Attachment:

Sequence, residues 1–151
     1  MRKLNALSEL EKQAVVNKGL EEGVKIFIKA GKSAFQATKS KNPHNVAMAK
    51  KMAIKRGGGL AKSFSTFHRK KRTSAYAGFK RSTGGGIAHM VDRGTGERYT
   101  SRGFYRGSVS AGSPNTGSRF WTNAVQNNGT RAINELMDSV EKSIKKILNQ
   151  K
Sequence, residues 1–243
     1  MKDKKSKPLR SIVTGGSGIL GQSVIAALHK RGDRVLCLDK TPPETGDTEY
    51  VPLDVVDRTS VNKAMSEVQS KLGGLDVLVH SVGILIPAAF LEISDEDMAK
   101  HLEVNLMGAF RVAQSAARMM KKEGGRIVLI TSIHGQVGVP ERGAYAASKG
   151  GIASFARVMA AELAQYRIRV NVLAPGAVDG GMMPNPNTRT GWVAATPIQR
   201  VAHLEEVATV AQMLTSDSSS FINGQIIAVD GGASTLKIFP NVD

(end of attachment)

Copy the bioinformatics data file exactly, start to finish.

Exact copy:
Sequence, residues 1–151
     1  MRKLNALSEL EKQAVVNKGL EEGVKIFIKA GKSAFQATKS KNPHNVAMAK
    51  KMAIKRGGGL AKSFSTFHRK KRTSAYAGFK RSTGGGIAHM VDRGTGERYT
   101  SRGFYRGSVS AGSPNTGSRF WTNAVQNNGT RAINELMDSV EKSIKKILNQ
   151  K
Sequence, residues 1–243
     1  MKDKKSKPLR SIVTGGSGIL GQSVIAALHK RGDRVLCLDK TPPETGDTEY
    51  VPLDVVDRTS VNKAMSEVQS KLGGLDVLVH SVGILIPAAF LEISDEDMAK
   101  HLEVNLMGAF RVAQSAARMM KKEGGRIVLI TSIHGQVGVP ERGAYAASKG
   151  GIASFARVMA AELAQYRIRV NVLAPGAVDG GMMPNPNTRT GWVAATPIQR
   201  VAHLEEVATV AQMLTSDSSS FINGQIIAVD GGASTLKIFP NVD